Big Bangs and a Gigantic Plum Pudding

Big Bangs and a Gigantic Plum Pudding 4

Today, St. Augustine typically celebrates July Fourth annually with “Fireworks over the Matanzas”, as seen from the bayfront. For the 50th Anniversary, in 1826, people gathered at the St. Francis Barracks, parading with the troops to the Cathedral Basilica where public toasts were given to the authors of the Declaration of Independence, the President, the Military, to Florida, and more. Afterward, cannons were fired in celebration and patriotic music was played throughout the day’s festivities. July 4, 1905 was celebrated on the beach with the first mention of local use of fireworks. In 2001, similar festivities were given including a big band playing music from the swing era. Guns were replaced by a fireworks show of 3,450 shells launching over Matanzas Bay for the 225th Anniversary.

Occasionally, though, the show has been pushed back for safety precautions. One such instance occurred in 1998, the fireworks were postponed due to extreme drought and wild fires crossing St. Johns County. Then City Mayor, Len Weeks, decided it was safer to wait for the show to continue in September when citizens got a visual feast for Founder’s Day instead.

However, the people of St. Augustine did not always publicly celebrate the “Day of Freedom.” In 1776, both East and West Florida colonies had refused to attend the Constitutional Congress. They did not resonate with the rebels of the original thirteen colonies. St. Augustinians stood firm behind The King of England, George III, and burned effigies of John Hancock and John Adams in protest. They had established a relationship with England including economic ties and protections from local Native Americans. Governor Patrick Tonyn welcomed Tories (monarchists) into Florida, through the years of the revolution, which brought in economic prosperity and a boom of settlers.

Though St. Augustine was not taken, Spain assisted the Rebels by capturing Pensacola in 1781. One British victory included the capture of Charleston, South Carolina and several dozen prisoners including three signers of the Declaration of Independence who were imprisoned in St. Augustine. Those men were: Arthur Middleton, Edward Rutledge, and Thomas Heyward. The prisoners were elite members of the revolution, some even had their servants with them. They were held in the British period State House, kitty corner to the Government House, where Trinity Episcopal Church stands today.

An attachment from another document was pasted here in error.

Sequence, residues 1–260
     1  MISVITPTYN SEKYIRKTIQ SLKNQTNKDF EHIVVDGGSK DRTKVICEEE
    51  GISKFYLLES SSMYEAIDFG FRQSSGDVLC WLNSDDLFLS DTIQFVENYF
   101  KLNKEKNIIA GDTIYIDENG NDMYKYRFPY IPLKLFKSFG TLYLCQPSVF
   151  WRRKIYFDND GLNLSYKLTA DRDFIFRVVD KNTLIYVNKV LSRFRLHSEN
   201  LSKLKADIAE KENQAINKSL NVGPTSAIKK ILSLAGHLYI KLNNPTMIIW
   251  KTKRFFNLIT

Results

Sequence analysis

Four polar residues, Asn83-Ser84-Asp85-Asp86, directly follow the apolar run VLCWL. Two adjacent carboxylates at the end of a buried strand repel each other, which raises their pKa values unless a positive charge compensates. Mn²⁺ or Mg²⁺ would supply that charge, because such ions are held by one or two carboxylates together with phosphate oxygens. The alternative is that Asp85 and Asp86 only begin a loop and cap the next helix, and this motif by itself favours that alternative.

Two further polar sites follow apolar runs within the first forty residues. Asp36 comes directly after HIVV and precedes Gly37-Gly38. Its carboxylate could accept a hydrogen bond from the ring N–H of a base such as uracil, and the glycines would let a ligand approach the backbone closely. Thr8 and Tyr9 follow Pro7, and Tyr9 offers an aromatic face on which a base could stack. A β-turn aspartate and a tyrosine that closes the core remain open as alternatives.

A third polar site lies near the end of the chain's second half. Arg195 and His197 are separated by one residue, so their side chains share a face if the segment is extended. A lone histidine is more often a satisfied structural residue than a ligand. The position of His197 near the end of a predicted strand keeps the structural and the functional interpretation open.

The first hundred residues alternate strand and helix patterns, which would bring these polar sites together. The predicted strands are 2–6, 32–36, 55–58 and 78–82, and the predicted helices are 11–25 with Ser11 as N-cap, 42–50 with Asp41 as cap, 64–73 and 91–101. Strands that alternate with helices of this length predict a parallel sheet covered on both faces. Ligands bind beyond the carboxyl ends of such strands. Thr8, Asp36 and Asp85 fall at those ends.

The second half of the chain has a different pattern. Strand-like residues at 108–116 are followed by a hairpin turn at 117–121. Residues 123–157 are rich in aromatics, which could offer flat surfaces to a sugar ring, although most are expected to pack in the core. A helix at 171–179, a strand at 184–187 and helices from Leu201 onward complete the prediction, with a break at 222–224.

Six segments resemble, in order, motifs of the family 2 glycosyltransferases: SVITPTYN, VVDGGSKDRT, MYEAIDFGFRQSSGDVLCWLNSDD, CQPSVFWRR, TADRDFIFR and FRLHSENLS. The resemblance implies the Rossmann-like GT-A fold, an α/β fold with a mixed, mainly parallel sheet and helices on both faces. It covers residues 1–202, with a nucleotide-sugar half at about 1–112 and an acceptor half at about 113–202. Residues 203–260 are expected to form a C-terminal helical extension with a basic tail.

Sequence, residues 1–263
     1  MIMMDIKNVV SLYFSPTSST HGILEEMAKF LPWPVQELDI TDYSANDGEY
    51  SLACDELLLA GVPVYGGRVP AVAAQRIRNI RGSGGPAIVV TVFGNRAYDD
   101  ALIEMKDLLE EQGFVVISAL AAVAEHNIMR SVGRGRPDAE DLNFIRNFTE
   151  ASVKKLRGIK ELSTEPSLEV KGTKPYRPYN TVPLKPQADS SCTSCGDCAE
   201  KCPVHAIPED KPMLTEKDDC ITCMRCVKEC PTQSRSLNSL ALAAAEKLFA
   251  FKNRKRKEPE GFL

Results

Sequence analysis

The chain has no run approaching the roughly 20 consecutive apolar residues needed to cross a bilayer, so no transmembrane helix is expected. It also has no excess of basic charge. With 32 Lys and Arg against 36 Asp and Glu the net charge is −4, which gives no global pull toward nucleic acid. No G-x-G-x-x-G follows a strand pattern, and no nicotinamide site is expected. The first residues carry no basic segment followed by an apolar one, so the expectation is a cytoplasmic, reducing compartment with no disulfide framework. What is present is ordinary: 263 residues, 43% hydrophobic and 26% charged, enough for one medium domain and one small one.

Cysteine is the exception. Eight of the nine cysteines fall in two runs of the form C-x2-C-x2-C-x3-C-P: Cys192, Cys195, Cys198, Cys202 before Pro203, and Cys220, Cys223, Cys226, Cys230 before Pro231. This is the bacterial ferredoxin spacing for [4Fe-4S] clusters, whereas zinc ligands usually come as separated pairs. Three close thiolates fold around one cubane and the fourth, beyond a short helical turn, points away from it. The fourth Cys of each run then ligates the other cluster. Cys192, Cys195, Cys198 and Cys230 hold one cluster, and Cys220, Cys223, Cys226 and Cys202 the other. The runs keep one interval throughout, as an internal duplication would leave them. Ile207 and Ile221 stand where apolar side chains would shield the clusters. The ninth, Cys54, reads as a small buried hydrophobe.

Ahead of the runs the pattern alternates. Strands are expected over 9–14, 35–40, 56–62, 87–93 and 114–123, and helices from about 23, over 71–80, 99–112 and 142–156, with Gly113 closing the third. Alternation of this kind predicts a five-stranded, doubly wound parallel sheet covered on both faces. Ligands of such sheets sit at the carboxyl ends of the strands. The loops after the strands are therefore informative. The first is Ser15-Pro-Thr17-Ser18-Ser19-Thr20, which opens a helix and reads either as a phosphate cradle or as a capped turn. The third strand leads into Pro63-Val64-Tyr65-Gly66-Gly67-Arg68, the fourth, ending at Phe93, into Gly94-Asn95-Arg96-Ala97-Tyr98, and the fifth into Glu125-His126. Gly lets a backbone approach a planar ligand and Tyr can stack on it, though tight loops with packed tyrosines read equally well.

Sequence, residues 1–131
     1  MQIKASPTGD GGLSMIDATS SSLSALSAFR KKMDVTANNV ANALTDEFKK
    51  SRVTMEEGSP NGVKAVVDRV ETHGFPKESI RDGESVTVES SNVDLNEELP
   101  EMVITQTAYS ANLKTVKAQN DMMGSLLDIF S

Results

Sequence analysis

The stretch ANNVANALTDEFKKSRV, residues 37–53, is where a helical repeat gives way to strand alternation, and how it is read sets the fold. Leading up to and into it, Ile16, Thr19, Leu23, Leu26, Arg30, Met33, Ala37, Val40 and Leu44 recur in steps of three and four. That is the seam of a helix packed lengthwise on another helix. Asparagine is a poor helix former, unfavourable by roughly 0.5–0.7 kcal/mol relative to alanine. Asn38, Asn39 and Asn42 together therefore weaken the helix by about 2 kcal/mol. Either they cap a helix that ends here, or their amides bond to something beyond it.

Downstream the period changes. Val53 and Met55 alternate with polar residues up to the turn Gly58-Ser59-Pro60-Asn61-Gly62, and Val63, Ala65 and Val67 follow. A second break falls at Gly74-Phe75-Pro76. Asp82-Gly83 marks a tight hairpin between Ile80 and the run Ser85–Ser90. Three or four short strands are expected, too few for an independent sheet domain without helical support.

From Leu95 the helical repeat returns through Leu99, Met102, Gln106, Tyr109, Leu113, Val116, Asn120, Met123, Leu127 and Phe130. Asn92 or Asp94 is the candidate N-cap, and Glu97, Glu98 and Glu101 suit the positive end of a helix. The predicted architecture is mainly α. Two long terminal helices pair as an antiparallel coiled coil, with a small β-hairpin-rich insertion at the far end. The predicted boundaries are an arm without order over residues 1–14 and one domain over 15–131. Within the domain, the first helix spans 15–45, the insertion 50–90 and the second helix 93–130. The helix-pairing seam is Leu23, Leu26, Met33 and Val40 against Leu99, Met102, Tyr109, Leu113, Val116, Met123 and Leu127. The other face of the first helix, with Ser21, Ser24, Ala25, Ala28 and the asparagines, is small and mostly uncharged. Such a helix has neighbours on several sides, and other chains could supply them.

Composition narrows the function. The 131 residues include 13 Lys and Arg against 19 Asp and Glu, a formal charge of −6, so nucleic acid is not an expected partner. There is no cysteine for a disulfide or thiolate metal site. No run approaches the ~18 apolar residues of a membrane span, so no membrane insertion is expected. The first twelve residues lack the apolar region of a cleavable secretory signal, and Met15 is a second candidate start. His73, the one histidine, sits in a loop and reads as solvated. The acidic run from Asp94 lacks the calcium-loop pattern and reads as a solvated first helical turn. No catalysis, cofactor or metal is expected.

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According to a paper written by a Mrs. Lawson read at a D. A. R. meeting in 1946; on July 4th, 1780 these three men, along with other patriotic prisoners, celebrated the Day of Freedom under the nose of Governor Tonyn with a “gigantic English plum pudding topped with a tiny flag with thirteen stars and stripes…However they managed that ‘gigantic plum pudding’ described by all writers will probably remain an everlasting secret.” Since they were wealthy, it is likely they purchased it. Heyward also wrote his own patriotic hymn for the day, which was sung to the tune of “God Save the King” which deceived British soldiers, and Governor Tonyn, and left them wondering why the sudden support of the king. “God Save the Thirteen States. Thirteen States. God Save them all.” After ten months of captivity, the men were released on July 30, 1781 in exchange for British prisoners.

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A few years later, in 1783, Britain relinquished Florida to Spain with the Treaty of Versailles, as their reward for assisting the Rebels during the American Revolution. Thirty-eight years later, on July 10, 1821, Florida became part of the United States of America. In 1822, the people of St. Augustine celebrated July 4th with bonfires, rather than burning effigies.

Written by Nicole Diehm

 

 

 

 

 

Resources:

Bandell, Brian. “Rockets to glare Sunday” St. Augustine Record, 7/3/99.

“Celebrating Independence Day.” St. Augustine Record, 7/4/2005.

Crankshaw, Joe. “July 4 was no day for celebration in 1776 Florida.” Miami Herald, 7/4/1994.

East Florida Herald June 6, 1826.

East Florida Herald July 11, 1826.

“Fireworks changes.” St. Johns County Chronicle, July 2001.

Lawson, Mrs. Revolutionary Period of British St. Augustine. Paper read at D. A. R., Nov. 13, 1946.

Pope, Margo C. “Fireworks plans fizzle: Fourth of July show canceled, display may be rescheduled.” St. Augustine Record, 7/2/98.

Priddy, Ralph D. Image “Bombs Burst” St. Augustine Record, 7/3/99.

Programme. 4th July Celebration, 1893, at St. Augustine, Florida.

Tingley, Charles. “St. Augustine at the Beach: From the Civil War to 1914.” East Florida Gazette. Vol. 36, No. 2 St. Augustine: St. Augustine Historical Society, 2021.

Images:

Dean, Daron, photographer. Fourth of July events start. St. Augustine Record 7/2/2009, pg. 1.

“Try Atmore’s mince meat and genuine English plum pudding [front]” by Boston Public Library is licensed under CC BY 2.0. To view a copy of this license, visit https://creativecommons.org/licenses/by/2.0/?ref=openverse.

“Christmas Plum Pudding” by Daily Bungalow is licensed under CC BY-NC-SA 2.0. To view a copy of this license, visit https://creativecommons.org/licenses/by-nc-sa/2.0/?ref=openverse.